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Modeling Multiphase Flow

Multiphase flow is a term which refers to the flow and interaction of several phases within the
same system where distinct interfaces exist between the phases. The term ‘phase’ usually refers
to the thermodynamic state of the matter: solid, liquid, or gas. In modeling terms, a phase is
defined in broader terms, and can be defined as a quantity of matter within a system that has its
own physical properties to distinguish it from other phases within the system. For example:
Liquids of different density
Bubbles of different size
Particles of different shape
Multiphase flows are different from multi-component flows. In multi-component flows, the
different species are mixed at the molecular level. These species have the same convection
velocity. In multiphase flows, the different phases are mixed at the macroscopic scale. These
phases have different convection velocity. Many flows are multiphase multi-component flows.

Multiphase flows can be classified into two categories:

1. Dispersed flows, such as bubbly, droplet, and particle flows
2. Stratified flows, such as free surface flows, or annular film flow in pipes.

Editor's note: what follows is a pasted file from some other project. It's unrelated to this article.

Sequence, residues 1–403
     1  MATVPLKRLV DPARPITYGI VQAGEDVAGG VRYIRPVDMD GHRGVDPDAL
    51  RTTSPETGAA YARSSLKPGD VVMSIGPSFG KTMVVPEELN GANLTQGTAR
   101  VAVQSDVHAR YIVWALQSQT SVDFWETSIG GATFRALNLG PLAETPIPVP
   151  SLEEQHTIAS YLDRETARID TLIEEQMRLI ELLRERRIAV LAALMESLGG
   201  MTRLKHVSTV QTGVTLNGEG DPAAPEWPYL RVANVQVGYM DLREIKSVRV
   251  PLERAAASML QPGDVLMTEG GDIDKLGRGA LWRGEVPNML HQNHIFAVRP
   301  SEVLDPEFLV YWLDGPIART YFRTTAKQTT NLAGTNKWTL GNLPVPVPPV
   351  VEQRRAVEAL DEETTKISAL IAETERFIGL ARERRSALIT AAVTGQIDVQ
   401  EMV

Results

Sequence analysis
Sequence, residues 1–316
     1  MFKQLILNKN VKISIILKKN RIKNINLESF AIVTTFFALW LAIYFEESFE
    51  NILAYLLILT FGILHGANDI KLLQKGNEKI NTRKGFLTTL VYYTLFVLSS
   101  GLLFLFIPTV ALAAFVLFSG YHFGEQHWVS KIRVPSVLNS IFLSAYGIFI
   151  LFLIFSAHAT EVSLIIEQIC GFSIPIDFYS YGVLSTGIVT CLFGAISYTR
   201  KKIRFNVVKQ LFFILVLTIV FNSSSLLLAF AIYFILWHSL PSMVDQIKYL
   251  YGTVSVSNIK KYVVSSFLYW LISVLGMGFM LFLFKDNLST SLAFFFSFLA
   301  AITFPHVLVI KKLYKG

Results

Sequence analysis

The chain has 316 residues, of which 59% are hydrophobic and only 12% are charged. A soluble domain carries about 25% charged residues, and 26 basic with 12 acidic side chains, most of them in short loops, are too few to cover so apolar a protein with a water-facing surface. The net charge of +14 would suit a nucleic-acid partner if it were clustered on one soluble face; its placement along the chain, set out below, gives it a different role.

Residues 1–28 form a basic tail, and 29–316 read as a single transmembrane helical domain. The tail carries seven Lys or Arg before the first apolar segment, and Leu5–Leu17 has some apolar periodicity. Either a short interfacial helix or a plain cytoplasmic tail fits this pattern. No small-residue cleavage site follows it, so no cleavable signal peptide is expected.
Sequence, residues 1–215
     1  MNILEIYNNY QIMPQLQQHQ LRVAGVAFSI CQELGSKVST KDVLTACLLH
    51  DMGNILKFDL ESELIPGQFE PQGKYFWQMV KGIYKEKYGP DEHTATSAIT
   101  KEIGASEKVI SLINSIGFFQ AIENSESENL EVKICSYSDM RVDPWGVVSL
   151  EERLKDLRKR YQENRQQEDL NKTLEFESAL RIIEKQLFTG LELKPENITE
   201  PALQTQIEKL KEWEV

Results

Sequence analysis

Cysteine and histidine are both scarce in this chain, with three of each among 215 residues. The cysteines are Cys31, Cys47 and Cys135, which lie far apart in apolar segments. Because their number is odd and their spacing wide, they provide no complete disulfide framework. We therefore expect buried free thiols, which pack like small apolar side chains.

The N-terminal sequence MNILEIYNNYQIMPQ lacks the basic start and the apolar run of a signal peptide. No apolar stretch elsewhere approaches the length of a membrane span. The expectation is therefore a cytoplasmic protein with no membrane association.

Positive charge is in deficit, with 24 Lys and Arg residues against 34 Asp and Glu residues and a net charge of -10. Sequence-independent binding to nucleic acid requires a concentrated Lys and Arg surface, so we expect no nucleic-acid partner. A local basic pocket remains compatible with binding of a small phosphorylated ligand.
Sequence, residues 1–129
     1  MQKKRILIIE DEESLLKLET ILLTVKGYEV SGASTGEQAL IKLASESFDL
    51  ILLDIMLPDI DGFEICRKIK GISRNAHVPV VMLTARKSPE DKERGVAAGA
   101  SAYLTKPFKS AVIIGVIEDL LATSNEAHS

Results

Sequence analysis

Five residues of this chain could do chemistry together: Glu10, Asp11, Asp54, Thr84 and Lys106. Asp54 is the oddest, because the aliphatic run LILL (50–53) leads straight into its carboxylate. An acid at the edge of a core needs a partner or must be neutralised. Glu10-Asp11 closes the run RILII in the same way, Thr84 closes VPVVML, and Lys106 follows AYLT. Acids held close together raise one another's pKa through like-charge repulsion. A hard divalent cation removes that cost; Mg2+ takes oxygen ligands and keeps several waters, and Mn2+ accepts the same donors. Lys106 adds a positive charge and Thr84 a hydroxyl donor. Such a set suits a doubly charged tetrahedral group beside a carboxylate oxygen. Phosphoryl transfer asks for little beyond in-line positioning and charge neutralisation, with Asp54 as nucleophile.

The Multiphase Segregated Flow model: this model is commonly known as the Eulerian
Multiphase model in the literature, but that term has been given a wider significance in STAR-
CCM+. The Multiphase Segregated Fluid model solves conservation equations for mass,
momentum, and energy for each phase. Phase interaction models are provided to define the
influence that one phase exerts upon another across the interfacial area between them.
The Lagrangian Multiphase model: this model solves the equation of motion for representative
parcels of the dispersed phase as they pass through the system. It is intended for systems that
consist mainly of a single continuous phase carrying a relatively small volume of discrete
particles, droplets, or bubbles. It is suited where the interaction of the discrete phase with
physical boundaries is important.
The Dispersed Multiphase Model (DMP): this model simulates dispersed phases in a Eulerian
manner. The Dispersed Multiphase model combines aspects of both the Lagrangian Multiphase
(LMP) model and the Segregated (Eulerian) Multiphase (EMP) models.
The Discrete Element Model (DEM): this model is an extension of the Lagrangian Multiphase
model, but where individual particles are modeled rather than representative parcels, and where
inter-particle contact forces are explicitly accounted for.
The Fluid Film model: this model predicts the dynamic characteristics of wall films using
boundary layer approximations and assumed velocity and temperature profiles across the depth
of the film. Film transport is predicted using thin shells that lie across the surface of solid walls
on which the film is formed.
The Volume of Fluid (VOF) model: this model is provided for systems containing two or more
immiscible fluid phases, where each phase constitutes a large structure within the system (such
as typical free surface flows). This approach captures the movement of the interface between the
fluid phases, and is often used for marine applications.